Review: Stranger By The Lake (2014)

Stranger By The Lake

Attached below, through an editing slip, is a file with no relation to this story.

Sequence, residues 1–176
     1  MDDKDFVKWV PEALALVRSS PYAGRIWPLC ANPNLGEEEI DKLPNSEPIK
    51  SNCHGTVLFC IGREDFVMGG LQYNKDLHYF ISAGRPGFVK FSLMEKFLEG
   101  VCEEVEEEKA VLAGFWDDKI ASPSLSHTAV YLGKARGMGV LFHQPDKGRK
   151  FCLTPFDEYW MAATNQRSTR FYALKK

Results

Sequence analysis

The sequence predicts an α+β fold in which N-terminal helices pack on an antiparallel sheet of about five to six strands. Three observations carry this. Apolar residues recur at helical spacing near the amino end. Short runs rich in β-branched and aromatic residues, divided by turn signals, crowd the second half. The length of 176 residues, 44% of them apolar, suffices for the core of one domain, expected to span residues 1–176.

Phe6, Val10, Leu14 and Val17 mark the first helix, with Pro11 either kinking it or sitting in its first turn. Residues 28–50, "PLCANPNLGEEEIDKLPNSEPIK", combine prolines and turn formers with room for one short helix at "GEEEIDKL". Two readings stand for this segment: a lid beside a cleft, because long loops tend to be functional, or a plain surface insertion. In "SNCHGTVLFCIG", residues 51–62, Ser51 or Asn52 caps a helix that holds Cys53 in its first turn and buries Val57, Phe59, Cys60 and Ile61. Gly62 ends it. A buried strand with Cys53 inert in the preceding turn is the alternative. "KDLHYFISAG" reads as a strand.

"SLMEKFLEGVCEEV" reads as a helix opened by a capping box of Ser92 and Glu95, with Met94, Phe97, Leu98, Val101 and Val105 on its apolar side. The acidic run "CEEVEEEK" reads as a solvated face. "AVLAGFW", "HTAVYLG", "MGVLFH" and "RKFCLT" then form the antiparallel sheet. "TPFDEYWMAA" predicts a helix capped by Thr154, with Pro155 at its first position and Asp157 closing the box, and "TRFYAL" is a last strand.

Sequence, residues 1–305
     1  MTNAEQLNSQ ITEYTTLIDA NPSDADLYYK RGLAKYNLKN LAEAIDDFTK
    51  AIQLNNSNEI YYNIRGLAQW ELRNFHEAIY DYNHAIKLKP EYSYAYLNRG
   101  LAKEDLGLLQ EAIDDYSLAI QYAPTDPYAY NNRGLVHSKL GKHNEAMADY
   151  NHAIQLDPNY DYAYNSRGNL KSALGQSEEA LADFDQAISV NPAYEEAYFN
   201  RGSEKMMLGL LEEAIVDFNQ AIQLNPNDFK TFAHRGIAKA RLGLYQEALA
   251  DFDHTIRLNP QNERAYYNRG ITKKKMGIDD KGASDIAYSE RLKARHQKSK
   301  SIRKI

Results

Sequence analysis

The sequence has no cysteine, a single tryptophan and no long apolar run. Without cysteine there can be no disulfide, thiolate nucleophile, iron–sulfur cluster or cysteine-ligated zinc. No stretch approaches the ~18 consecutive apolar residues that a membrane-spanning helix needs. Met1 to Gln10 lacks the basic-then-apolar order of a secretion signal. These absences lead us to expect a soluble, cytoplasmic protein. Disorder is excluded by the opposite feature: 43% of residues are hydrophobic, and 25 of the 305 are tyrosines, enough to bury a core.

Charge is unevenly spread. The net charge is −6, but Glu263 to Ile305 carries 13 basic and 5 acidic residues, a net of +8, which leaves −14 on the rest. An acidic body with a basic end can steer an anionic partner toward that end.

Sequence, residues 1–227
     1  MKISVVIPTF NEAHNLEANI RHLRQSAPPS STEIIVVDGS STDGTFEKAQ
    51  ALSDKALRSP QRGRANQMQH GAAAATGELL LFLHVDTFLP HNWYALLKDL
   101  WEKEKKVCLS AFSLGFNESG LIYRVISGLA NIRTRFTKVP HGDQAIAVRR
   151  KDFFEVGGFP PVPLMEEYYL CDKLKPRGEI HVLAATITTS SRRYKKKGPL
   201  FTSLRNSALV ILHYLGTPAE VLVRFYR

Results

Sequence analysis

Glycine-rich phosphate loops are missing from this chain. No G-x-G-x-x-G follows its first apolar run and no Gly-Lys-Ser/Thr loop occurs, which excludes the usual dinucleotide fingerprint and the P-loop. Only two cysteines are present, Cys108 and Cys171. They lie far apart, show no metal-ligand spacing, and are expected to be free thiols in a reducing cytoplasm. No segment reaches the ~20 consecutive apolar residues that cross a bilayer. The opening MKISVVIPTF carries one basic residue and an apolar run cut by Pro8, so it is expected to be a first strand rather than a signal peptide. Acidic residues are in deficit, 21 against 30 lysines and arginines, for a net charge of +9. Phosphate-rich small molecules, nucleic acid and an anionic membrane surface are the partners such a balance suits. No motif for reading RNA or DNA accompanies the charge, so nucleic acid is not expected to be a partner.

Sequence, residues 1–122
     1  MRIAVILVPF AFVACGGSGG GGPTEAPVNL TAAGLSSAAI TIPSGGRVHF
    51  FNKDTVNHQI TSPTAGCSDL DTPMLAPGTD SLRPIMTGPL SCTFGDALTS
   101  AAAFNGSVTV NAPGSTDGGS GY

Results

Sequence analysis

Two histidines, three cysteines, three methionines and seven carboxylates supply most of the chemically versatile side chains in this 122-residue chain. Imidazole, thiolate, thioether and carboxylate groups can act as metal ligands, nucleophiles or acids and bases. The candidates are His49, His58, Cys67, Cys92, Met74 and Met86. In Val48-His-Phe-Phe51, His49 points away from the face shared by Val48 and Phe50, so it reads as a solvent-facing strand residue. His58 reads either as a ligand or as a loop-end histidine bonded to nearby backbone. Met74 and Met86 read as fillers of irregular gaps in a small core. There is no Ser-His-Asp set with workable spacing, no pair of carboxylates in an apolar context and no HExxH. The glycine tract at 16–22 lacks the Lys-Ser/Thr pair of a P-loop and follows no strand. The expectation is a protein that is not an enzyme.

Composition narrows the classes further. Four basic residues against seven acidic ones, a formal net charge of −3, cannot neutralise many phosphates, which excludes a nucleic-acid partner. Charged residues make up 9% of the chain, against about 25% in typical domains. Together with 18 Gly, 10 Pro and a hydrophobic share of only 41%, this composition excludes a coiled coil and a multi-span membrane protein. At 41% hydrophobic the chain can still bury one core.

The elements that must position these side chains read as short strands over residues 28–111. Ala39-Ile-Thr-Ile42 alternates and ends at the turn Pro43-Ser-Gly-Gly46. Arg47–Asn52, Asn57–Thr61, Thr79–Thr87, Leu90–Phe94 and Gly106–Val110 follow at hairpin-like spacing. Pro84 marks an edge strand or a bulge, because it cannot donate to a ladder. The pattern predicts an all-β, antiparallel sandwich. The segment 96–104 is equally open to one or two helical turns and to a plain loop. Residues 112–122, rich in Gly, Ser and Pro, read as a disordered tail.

Lust, sex, violence and death coalesce superbly in French director Alain Guiraudie’s tense, unnerving and erotically-charged thriller Stranger By The Lake. Franck (Pierre Deladonchamps) spends his summer lapping up the sun and sea at a cruising hotspot, where he strikes up a harmless friendship with hermit Henri (Patrick D’Assumçao) and becomes infatuated with Michel (Christophe Paou), an attractively inscrutable stranger who he soon discovers to be more than he bargained for. Set entirely in and around a remote lakeside locale (shot to understated perfection by cinematographer Claire Mathon) that acts as both a contrast and an instigator to the more sinister undercurrents at play, Stranger By The Lake starts out abstruse, yet quickly morphs into a taut thriller – one that builds tension to an incredible scale through repetition, claustrophobia and the murky whys and therefore’s of the characters and their individual desires. It’s rough around the edges (sex and nudity, at first, are used too excessively, as if to make a point more than anything else), but in such a way that ups the ante far more than weakens it. The end, too, is extraordinary.

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